Megillat Esther is not just a story, let alone a simple one. There are lessons to be gleaned that can help us to address issues that are eclipsing life.
Let’s begin with Haman the vizier who was able to pass a decree calling for our annihilation. How did we Jews ever get ourselves into the predicament that allowed this?
We Jews were partying just as hard and together with the other peoples of the empire at the food and drinking carnival called by King Achashveirosh. A guy from the “other side of the tracks,” Achashveirosh conquered the lands, yet his hold on power was tenuous at best. He threw this obscene party lasting for 180 days in order to secure his power base. And we Jews jumped in at the deep end and became like everyone else, caught up in the debauchery.
One person remained separate and sane amidst this chaos. Mordechai, the descendant of the first Jewish king of Israel, refused to bow down to Haman. Furious and vengeful, Haman was off, intent on destroying us. Haman describes the Jews as having “laws different from those of every other people, and they do not keep the king’s laws, so that it is not appropriate for the king to tolerate them” (Megillas Esther 3:8).
Jewish law makes room for Torah Jews to recognize heads of states and other leaders. What made Mordechai defiant in the face of Haman?
Some commentators comment that bowing down to Haman was akin to idol worship. Others point out that Mordechai, symbolizing the Jewish people, refuses to show any honor to Haman, the epitome of our arch enemy Amalek. In fact, Mordechai will complete the job left open by Shaul HaMelech, who failed to keep the commandment of eradicating Amalek when he spared the life of the King of Amalek, Agag. Mordechai is from the tribe of Binyamin (“Ish Y’mini”) and is descended from Shaul.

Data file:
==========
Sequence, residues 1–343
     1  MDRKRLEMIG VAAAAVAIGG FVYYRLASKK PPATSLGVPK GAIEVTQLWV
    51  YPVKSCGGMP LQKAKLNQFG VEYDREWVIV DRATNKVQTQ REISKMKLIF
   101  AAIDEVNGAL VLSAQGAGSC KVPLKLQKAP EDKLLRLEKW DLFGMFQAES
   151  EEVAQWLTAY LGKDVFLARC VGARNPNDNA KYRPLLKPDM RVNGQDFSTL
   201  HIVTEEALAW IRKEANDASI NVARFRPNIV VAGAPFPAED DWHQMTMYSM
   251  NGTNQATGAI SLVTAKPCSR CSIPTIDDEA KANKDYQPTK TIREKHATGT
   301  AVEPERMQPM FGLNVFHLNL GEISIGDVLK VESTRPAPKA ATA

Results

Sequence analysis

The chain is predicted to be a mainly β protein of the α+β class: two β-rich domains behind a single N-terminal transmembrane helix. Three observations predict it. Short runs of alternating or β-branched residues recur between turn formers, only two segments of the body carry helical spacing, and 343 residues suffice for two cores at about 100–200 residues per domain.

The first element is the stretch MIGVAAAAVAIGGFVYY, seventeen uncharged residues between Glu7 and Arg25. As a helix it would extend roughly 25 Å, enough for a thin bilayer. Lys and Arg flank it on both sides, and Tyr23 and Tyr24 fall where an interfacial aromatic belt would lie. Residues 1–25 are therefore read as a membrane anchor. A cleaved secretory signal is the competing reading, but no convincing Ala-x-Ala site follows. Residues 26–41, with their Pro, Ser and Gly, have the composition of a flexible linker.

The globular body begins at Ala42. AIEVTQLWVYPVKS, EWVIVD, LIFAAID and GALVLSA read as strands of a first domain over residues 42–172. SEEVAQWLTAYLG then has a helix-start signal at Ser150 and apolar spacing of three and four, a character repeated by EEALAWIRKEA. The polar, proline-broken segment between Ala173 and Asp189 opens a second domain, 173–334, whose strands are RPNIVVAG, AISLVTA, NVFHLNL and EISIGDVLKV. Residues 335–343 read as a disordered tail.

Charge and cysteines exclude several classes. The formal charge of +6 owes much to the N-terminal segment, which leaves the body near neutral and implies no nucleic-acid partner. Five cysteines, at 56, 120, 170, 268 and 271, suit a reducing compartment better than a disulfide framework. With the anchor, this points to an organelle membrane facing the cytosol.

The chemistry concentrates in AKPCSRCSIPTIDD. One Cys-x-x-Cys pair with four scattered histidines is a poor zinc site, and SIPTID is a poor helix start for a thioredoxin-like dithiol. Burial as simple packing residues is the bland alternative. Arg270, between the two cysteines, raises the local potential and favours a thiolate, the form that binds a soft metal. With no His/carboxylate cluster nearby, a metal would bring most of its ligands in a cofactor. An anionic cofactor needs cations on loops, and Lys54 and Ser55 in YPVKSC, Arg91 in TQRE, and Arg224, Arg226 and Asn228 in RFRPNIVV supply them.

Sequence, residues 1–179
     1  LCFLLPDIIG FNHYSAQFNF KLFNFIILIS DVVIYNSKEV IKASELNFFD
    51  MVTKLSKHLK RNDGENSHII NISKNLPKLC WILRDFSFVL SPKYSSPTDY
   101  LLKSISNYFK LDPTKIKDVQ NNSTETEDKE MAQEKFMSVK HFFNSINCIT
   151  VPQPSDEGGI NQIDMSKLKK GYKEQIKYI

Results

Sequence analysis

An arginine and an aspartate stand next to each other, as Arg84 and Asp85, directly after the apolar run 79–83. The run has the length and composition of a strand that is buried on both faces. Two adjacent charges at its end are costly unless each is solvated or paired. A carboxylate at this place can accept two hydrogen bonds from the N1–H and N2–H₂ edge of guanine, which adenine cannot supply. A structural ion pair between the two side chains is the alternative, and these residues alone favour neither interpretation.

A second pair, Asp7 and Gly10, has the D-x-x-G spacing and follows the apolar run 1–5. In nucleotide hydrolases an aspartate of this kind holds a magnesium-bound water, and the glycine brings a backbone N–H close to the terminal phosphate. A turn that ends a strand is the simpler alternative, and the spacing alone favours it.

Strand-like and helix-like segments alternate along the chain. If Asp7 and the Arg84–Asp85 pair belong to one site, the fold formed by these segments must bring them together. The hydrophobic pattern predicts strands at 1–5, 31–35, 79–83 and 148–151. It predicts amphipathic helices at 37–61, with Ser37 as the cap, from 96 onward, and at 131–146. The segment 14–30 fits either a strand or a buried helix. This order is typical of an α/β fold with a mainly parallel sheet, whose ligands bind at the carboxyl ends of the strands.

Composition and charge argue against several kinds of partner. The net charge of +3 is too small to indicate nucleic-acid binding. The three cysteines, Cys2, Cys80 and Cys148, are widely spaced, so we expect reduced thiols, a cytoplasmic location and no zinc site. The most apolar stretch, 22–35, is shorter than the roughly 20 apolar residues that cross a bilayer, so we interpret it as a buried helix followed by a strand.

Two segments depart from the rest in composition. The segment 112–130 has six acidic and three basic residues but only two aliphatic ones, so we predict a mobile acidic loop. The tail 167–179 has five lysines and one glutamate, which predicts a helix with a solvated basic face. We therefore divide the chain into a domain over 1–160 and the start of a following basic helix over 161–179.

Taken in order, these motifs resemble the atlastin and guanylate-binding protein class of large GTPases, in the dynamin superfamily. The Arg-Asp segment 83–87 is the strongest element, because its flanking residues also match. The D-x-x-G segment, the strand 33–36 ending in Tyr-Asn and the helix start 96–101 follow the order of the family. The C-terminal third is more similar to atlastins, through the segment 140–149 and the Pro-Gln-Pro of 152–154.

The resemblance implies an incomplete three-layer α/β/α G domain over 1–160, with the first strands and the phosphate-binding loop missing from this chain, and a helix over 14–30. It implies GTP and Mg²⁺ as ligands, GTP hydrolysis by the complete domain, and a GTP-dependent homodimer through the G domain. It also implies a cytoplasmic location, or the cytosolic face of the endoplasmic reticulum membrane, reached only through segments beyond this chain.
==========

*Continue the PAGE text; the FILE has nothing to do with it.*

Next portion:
In any event, Mordechai has the spine and strength to carry himself as a proud Jew. His religious and moral compass guide him. He urges Esther, who must have had a lonely, miserable existence in Achashveirosh’s abode, to take on the leadership role of rescuing her people.
There’s a change at this point. The public Mordechai stops being the mover-and-shaker. He carries out the commands of Esther whose primary middah was one of silence. Until now. Esther’s metamorphosis from reticence into a clever leader who successfully strategizes the downfall of Haman and the saving of her people is awe-inspiring.
I’ll leave it the political commentators, pundits and others to draw comparisons between the events of Megillas Esther and life in the 21st century during a U.S. presidential election year. What strikes me though is that we Jews are a people who are separate and not equal. We are unlike the other nations of the world. Our Torah guides us and propels are forward so that we can maximize our time in this world.
At this time, I am taking the opportunity to urge people not to drink excessively on Purim. Overdrinking is unbecoming. Today’s world is filled with physical, emotional and spiritual pain. Adolescents and young adults from all walks of life and from the most stable of homes are becoming prey to the cheap and commonplace availability of booze and drugs.
What’s the antidote? Be proud to be Jewish. It’s uncanny how Megillat Esther is as relevant today as it was when the events unfolded in Shushan. Let’s learn from Mordechai who was committed to our Torah while also involved in the highest levels of society yet there was a separateness that he cultivated. That separateness is why we the Jews are still here in 2020.
As always daven.
The words of this author reflect his/her own opinions and do not necessarily represent the official position of the Orthodox Union.